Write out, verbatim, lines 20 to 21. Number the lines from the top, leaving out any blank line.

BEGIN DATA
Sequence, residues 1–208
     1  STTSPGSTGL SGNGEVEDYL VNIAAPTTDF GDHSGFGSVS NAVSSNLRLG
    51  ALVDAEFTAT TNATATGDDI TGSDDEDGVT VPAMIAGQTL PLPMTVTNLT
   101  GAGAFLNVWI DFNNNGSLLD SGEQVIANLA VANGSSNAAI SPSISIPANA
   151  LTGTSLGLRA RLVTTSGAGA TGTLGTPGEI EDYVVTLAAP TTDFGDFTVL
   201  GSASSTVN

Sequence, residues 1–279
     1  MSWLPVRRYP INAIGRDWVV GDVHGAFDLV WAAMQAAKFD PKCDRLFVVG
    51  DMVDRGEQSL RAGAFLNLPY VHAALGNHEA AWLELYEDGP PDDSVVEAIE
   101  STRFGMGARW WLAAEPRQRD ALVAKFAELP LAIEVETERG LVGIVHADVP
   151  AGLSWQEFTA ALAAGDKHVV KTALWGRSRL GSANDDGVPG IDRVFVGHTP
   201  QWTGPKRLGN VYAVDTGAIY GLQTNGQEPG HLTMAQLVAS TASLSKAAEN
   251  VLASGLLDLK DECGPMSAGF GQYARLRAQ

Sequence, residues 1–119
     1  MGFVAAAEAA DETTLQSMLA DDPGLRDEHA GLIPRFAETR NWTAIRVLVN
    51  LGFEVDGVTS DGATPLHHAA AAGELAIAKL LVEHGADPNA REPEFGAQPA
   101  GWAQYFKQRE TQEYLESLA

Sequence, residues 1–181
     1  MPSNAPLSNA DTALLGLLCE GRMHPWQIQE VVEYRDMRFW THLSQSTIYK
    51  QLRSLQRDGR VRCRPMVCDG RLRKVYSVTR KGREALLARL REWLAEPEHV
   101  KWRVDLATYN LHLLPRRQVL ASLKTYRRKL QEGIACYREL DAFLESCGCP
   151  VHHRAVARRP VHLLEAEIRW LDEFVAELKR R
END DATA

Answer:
    51  QLRSLQRDGR VRCRPMVCDG RLRKVYSVTR KGREALLARL REWLAEPEHV
   101  KWRVDLATYN LHLLPRRQVL ASLKTYRRKL QEGIACYREL DAFLESCGCP